"Start by doing what’s necessary; then do what’s possible;
and suddenly you are doing the impossible."
This quote from St Francis of Assisi is what the Comité Tricolore is trying to do for those in our community who are sometimes facing insurmountable hardships.
Out of respect and the need for privacy we are very discreet, but since images speak for themselves here is a visual reminder of the good that your contributions help us to achieve.
Doing what is necessary
Our beneficiaries are faced with unpredictable, short or long-term problems that are impossible to solve alone.
The CT is there for them, to help in their struggles and accompany them in finding appropriate solutions.
We help those in dire need. Some have long-term disabilities or problems related to old age such as dementia.
Others have to take care of children with serious developmental issues and often debilitating conditions.
Our Solidarity Committee meets regularly to find ways to best address these issues, determine the level of help needed, and decrease or stop aid as the situation evolves.
Every month our treasurer sends checks to families who need help to raise children with disabilities such as autism or abandoned individuals.
We are also helping two families whose children must go for treatments that last several months at NIH - one a bone marrow transplant (Aplasia) anti-rejection treatment.
Doing what is possible
We rely on the many events that you have come to enjoy, such as Bastille Day, Dîner du Siècle, Solidarity Dinners, and on our annual donation campaign. A monthly donation, however small, would help us to better manage our response to these needs.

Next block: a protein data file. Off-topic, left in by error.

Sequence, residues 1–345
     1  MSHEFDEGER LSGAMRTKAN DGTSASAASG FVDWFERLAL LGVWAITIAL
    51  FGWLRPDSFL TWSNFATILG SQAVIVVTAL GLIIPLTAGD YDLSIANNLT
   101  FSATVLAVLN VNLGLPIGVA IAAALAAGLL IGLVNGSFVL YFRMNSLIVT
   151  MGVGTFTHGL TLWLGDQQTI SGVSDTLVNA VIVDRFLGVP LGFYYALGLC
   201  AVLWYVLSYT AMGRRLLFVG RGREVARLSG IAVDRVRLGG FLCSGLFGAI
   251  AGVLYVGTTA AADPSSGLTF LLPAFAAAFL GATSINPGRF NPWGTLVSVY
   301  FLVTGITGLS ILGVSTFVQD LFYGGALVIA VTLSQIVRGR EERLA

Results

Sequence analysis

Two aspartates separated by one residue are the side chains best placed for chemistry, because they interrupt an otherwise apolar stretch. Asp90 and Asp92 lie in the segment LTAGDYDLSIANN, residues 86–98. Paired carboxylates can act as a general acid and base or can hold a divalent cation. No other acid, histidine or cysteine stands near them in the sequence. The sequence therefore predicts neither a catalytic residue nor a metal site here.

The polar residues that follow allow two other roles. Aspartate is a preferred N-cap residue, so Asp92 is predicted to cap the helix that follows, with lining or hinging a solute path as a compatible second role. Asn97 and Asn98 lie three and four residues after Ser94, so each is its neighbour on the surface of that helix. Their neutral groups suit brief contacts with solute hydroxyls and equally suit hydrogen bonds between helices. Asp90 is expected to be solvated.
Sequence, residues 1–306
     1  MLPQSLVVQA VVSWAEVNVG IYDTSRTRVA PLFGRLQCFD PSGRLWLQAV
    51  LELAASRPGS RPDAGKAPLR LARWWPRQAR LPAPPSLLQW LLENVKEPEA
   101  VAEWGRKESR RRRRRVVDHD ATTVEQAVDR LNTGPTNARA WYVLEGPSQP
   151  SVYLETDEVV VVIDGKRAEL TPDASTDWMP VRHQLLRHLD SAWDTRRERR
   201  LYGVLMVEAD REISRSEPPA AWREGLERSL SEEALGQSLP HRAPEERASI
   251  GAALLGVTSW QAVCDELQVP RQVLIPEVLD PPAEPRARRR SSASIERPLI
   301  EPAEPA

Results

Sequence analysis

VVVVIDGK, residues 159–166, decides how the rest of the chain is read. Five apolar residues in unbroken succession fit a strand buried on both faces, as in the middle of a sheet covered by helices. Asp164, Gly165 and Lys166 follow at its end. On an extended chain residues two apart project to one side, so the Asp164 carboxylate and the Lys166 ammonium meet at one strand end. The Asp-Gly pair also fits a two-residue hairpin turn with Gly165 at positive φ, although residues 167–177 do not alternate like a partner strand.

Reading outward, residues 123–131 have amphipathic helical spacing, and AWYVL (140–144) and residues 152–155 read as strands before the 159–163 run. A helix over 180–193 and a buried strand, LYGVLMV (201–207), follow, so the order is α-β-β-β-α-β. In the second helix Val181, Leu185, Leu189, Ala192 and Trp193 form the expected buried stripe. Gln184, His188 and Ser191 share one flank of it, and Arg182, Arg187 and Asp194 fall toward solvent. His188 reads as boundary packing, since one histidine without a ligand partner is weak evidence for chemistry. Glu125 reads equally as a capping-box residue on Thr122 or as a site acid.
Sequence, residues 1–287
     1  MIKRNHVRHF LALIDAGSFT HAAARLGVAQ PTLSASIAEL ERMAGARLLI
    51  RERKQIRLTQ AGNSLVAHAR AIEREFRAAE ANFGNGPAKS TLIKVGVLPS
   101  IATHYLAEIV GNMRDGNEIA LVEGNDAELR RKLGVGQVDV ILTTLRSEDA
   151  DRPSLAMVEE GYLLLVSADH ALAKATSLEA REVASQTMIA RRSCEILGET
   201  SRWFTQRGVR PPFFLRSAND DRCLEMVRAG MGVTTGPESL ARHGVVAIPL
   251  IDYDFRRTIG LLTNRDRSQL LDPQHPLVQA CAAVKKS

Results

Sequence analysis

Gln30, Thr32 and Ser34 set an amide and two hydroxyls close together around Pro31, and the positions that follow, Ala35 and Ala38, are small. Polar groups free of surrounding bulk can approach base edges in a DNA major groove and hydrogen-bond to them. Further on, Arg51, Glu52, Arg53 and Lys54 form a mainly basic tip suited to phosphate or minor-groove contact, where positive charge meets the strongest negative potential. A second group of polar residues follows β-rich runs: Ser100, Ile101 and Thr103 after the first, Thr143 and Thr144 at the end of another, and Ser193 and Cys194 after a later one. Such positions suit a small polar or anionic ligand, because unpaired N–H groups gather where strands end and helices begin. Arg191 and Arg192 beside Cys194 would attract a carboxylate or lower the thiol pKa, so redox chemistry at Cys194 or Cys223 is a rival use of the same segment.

Suddenly you are doing the impossible
We want to thank all of you, who over the years have helped us do what at times seemed impossible.
Each time we are faced with a new challenge we have been able to count on you, and thanks to you our beneficiaries have a better quality of life, are able to surmount their difficulties and are living without the fear of tomorrow.
"Donner libre cours" (Give free rein)
This expression has been widely in use since the 19th century. It most likely refers to the course of a river that that flows freely, and means that you should not try to restrain or hold it back.
The expression is often used with "donner libre cours" to your imagination, but we will use it today with:
"donner libre cours" to your generosity!
The Comité Tricolore is looking for an Event Manager for Bastille Day 2022, a VIP event at the French Embassy on a date close to July 14.